This week I have met with two old friends, for dinner or for walking. But our conversations have been remarkably similar. It appears that my generation are reaching the sandwich time so often spoken of in magazines and Sunday supplements.
We had our children later, although not as late as many these days. We have elderly parents and other relatives who are ailing or worse. And we are trying to hold together households which are increasingly chaotic with work and child arrangements/activities. To say nothing of the social lives of the family, the pressure to help with community stuff and the maintenance of gardens and property.
Our time is at a premium. But this is the one thing which we cannot increase or reinvent. Since, say, a hundred years ago, most human lives in the West have changed beyond recognition. Labour saving devices, phones, internet, transport and travel, the homes we live in, the list is literally endless.
One of my favourite sets of books is about a Napoleonic British spy called Roger Brook. The author, Dennis Wheatley, was unbelievably skilful at weaving Roger into historical events. (Even now, I sometimes have to remind myself, when reading history from that period, that certain events were not actually brought about with the help of Roger Brook, the character was so believable.)
However, an element of the books which has always struck me is the amount of time it takes for Roger to do anything. Be it travel or post or getting clothes made or whatever, his time is so much more stretched than ours. In order to prevent himself from being unmasked, in one book he rides flat out for three or four days from Moscow to Paris. Three or four days! And that was a mad feat of horsemanship to save his own neck - it should have taken over a week. In another, he takes months to sail from England to the Caribbean. His dispatches take weeks to get to his masters.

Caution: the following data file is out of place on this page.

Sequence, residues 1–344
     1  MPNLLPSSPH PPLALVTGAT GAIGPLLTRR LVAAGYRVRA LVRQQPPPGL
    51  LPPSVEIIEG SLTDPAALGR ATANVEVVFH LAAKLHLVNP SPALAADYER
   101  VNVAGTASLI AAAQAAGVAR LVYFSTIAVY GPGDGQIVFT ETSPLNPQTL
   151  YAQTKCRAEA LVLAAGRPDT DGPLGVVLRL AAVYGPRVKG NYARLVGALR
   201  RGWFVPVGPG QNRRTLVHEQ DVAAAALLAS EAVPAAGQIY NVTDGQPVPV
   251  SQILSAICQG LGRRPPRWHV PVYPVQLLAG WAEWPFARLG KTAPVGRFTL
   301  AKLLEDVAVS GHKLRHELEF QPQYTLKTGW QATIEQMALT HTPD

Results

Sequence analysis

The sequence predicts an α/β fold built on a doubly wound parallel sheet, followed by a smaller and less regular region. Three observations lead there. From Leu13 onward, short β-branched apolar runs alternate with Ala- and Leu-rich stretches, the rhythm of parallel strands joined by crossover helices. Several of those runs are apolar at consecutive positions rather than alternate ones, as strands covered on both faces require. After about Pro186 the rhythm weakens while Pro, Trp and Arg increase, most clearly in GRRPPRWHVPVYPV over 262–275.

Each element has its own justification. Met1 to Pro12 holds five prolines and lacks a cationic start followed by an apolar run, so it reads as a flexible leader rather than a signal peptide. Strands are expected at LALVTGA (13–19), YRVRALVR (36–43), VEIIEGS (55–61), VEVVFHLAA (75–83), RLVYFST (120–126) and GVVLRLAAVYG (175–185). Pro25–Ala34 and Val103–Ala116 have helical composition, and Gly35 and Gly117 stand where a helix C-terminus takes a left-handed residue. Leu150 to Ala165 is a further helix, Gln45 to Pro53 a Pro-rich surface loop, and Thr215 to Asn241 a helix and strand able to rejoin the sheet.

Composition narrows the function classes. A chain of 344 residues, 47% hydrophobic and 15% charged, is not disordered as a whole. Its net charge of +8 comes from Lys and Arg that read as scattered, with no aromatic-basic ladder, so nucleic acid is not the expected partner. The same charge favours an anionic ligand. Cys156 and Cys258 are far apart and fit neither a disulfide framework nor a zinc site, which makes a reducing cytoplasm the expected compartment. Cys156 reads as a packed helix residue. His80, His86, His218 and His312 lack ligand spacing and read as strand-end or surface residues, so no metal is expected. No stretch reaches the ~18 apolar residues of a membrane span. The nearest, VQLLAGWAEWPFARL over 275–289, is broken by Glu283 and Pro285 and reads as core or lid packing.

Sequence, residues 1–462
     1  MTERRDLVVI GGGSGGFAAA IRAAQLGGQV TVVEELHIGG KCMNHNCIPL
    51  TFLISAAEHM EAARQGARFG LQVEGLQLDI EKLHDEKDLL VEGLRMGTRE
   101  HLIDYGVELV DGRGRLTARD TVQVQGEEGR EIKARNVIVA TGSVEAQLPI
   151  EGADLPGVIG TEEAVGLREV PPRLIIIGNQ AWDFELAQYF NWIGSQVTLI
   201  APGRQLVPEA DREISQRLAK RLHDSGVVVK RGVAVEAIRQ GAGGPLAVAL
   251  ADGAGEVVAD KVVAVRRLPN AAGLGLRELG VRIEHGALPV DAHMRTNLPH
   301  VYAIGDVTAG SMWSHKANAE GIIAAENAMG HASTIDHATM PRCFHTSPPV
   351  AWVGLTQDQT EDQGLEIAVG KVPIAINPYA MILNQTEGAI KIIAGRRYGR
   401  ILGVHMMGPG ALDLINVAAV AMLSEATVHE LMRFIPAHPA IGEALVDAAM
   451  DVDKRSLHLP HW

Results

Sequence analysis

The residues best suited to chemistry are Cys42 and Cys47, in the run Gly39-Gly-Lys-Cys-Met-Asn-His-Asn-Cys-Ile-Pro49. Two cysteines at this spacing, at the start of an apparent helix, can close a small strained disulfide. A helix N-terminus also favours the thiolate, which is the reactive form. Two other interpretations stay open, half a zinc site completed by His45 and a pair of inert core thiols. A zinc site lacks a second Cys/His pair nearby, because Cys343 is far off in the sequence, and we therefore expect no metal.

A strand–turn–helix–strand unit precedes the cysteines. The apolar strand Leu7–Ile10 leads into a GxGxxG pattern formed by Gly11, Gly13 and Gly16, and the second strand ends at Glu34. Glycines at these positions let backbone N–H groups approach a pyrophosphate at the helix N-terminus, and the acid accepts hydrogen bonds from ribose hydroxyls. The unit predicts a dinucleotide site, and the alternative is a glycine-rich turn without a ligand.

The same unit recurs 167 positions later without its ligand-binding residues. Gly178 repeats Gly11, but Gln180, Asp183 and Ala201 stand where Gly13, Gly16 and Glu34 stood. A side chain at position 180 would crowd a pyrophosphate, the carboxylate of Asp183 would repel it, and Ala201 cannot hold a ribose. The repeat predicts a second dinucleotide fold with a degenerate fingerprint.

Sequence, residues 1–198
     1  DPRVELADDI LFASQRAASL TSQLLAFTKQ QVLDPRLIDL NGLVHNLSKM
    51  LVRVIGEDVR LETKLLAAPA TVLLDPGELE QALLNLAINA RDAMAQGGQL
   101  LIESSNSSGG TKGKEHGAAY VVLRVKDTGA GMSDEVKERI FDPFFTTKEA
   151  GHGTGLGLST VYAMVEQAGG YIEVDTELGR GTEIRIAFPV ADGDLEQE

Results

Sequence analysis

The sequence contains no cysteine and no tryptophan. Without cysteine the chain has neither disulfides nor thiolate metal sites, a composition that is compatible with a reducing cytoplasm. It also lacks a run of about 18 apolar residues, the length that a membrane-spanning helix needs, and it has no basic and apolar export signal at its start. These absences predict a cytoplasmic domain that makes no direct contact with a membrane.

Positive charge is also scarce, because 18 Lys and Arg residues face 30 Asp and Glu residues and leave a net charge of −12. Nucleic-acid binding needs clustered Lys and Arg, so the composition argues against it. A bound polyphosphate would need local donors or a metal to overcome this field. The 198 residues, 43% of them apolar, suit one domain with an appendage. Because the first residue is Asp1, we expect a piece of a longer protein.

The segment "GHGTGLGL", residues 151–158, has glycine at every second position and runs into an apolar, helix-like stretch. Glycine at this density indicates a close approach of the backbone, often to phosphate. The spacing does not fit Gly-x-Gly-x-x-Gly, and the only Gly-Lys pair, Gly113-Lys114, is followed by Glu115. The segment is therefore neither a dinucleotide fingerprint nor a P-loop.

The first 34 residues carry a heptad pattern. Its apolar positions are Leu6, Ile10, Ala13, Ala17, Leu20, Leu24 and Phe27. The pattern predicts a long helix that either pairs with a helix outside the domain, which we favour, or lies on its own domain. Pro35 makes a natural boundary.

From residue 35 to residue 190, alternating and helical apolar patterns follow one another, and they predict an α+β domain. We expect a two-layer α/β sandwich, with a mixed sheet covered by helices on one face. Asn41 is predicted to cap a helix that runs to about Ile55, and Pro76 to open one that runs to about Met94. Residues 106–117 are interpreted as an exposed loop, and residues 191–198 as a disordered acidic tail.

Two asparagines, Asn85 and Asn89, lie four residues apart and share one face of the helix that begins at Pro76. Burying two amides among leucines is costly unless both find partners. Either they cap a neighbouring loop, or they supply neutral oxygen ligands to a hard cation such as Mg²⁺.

Would our modern mindsets cope if we had to return to these times? We think we are time poor these days. Imagine if we had to allow days at a time for a business journey. Jolting along in a carriage, twiddling our thumbs. No phones or laptops to amuse us or allow us to work.
Progress is great but maybe we should value time a bit more. Instead of wishing for more hours in the day, I for one need to get better at doing what is important. None of us know truly how much time we have.